Boost Profits: PPP Isn’t Just A COVID Loan


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Looking back to that fateful period of the “not to be named virus of unexplained origin,” we saw the government step in with PPP (Paycheck Protection Program) loans to help businesses keep up with payroll expenses. It was a great help to many during those harsh times, but today we’re seeing a far different “PPP” strike many businesses — and in this case it might just be a painful reality for an unsuspecting business if ignored.

What am I referring to? In this case PPP stands for Payroll, Profits and Performance. In the past 18 months, we’ve seen retail sales suffer and constrict under the current economic pressures. Higher energy expenses, inflation and cost of living spikes, among others, have seen the consumer public spending less money and spending it less often. 

Today, many retail establishments are competing on price once again. Specific to the firearm industry, it’s apparent pricing of goods in our industry is heading back to pre-2020 margins. Business expenses, and not just payroll, have increased substantially since then.

In my last article (“When Storms Bring Opportunity,” Feb. 2023) we broached this topic at length, but here we’re going to dig deep and explore this evolution in the industry and how to come through this “perfect storm” the better for it. So get a pen and paper, fire up your point-of-sale (POS) system and let’s get down to business!

First Up: Payroll

In today’s environment, we need to get a handle on payroll expenses and how they impact our profit margins. All too often, I’ll get an unsolicited call from a desperate retailer asking me to help pull their business out of a nosedive. When asked some general questions about their business, the conversation often goes something like this:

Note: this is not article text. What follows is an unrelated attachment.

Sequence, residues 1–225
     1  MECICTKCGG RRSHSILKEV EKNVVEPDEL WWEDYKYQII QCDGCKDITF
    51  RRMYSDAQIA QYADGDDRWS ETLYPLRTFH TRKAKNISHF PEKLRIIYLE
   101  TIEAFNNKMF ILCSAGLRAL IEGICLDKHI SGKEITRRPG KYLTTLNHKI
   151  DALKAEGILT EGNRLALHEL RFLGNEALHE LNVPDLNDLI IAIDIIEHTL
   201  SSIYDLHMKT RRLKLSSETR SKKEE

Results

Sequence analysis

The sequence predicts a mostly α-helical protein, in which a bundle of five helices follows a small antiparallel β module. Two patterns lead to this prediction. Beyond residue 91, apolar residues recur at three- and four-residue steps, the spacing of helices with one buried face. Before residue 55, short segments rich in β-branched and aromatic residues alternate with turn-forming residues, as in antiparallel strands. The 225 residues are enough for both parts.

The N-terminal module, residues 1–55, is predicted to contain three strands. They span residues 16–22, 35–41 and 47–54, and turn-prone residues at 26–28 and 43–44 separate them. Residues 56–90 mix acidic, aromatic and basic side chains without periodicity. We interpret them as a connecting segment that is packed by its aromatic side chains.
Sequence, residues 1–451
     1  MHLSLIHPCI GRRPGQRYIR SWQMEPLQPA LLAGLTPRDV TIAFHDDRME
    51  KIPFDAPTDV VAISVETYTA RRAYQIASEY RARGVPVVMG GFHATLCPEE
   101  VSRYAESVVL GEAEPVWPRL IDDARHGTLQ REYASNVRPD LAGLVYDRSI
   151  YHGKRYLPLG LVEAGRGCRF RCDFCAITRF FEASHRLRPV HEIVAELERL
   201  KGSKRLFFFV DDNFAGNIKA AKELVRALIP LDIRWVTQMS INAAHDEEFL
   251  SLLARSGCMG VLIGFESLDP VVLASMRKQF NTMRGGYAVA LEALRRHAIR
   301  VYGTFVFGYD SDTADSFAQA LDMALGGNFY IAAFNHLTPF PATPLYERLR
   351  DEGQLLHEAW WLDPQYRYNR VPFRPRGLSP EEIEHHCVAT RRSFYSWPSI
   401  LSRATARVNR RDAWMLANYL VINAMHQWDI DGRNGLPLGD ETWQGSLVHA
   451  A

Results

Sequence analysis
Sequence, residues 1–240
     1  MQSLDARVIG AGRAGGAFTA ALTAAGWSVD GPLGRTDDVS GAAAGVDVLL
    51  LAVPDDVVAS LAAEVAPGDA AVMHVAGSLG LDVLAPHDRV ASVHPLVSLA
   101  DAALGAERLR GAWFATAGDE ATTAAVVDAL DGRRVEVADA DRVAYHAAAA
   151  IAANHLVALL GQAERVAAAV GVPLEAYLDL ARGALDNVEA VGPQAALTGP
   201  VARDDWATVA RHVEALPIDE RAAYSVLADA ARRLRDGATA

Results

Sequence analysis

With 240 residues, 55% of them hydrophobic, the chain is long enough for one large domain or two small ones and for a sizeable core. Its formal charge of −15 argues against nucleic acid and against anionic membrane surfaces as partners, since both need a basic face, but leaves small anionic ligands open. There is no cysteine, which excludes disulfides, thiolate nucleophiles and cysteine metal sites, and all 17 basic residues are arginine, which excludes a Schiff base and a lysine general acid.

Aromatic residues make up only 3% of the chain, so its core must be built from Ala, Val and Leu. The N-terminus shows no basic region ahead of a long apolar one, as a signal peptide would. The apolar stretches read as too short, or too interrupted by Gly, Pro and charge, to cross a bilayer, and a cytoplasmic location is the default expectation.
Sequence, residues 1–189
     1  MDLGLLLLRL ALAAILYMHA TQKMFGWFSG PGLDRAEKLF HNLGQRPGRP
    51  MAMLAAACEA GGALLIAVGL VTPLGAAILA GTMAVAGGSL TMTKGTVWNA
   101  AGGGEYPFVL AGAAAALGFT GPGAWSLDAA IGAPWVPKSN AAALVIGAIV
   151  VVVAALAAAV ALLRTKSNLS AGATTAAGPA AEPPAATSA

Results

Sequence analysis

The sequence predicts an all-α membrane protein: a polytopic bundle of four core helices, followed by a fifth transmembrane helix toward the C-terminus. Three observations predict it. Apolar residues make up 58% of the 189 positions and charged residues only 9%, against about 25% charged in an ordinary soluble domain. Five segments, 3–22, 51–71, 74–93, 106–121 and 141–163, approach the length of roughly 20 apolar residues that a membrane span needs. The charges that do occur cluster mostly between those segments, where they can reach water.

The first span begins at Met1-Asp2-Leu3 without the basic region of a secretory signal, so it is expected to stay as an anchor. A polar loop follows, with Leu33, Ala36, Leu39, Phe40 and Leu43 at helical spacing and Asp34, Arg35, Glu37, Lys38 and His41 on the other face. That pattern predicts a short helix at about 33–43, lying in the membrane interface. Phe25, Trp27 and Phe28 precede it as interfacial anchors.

Me: “I hear your business is struggling right now to post profits, but tell me a bit more about how much in sales did you did last year and how much profit you produced.”

Retailer: “Over our last 12 months we posted about $3 million in sales, but we’re still having to inject thousands of dollars a month out of our own pocket into the business just to make payroll. Our ability to keep cash on hand to buy new inventory is suffering for it. At this pace I won’t have enough money to keep the business going in six months. What are we doing wrong?”

The details may be different but the same core message always comes through: “We’re working hard, but at the end of the day there’s no money in the checking account.”

So, what is the situation at hand here? Where are they going wrong? They seem to be doing a fair amount of business, so why are they suffering so much? In my experience, more times than not the largest factor comes down to payroll expenses. When you’re living in a retail ecosystem that, depending on the products and services you supply squarely, produces anywhere from 25%–40% profit margins and you’re eating up most of it with payroll, there’s nothing left on the table to keep the business viable.

A high level of customer service is more important now than ever but there comes a point where too much is a bad thing. A phrase clients will often hear: “The first rule of good customer service is ‘being open for business’ because if you aren’t open, you can’t give any customer service at all!”

When you’re living in a retail ecosystem that — depending on the products and services you supply squarely — produces anywhere from 25%–40% profit margins and you’re eating up most of it with payroll, there’s nothing left on the table to keep the business viable.

Payroll’s Impact On Profits